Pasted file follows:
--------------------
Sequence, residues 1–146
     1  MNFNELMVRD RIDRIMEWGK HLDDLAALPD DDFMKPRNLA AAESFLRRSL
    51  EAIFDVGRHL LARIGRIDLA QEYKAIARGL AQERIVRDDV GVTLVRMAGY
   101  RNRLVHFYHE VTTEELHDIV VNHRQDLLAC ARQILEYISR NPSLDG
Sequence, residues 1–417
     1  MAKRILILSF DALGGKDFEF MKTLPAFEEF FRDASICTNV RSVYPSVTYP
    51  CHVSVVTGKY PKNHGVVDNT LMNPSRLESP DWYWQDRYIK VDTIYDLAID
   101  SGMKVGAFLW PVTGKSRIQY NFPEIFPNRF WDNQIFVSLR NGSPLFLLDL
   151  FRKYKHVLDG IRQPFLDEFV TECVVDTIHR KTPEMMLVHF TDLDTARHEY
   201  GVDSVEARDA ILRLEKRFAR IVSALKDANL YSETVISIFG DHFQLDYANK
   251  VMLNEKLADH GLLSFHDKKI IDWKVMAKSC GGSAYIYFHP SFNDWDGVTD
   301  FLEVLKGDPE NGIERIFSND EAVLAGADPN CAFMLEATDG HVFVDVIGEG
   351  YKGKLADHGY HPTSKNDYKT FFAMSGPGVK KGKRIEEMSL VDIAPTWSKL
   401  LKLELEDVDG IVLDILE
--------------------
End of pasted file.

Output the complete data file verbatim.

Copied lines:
Sequence, residues 1–146
     1  MNFNELMVRD RIDRIMEWGK HLDDLAALPD DDFMKPRNLA AAESFLRRSL
    51  EAIFDVGRHL LARIGRIDLA QEYKAIARGL AQERIVRDDV GVTLVRMAGY
   101  RNRLVHFYHE VTTEELHDIV VNHRQDLLAC ARQILEYISR NPSLDG
Sequence, residues 1–417
     1  MAKRILILSF DALGGKDFEF MKTLPAFEEF FRDASICTNV RSVYPSVTYP
    51  CHVSVVTGKY PKNHGVVDNT LMNPSRLESP DWYWQDRYIK VDTIYDLAID
   101  SGMKVGAFLW PVTGKSRIQY NFPEIFPNRF WDNQIFVSLR NGSPLFLLDL
   151  FRKYKHVLDG IRQPFLDEFV TECVVDTIHR KTPEMMLVHF TDLDTARHEY
   201  GVDSVEARDA ILRLEKRFAR IVSALKDANL YSETVISIFG DHFQLDYANK
   251  VMLNEKLADH GLLSFHDKKI IDWKVMAKSC GGSAYIYFHP SFNDWDGVTD
   301  FLEVLKGDPE NGIERIFSND EAVLAGADPN CAFMLEATDG HVFVDVIGEG
   351  YKGKLADHGY HPTSKNDYKT FFAMSGPGVK KGKRIEEMSL VDIAPTWSKL
   401  LKLELEDVDG IVLDILE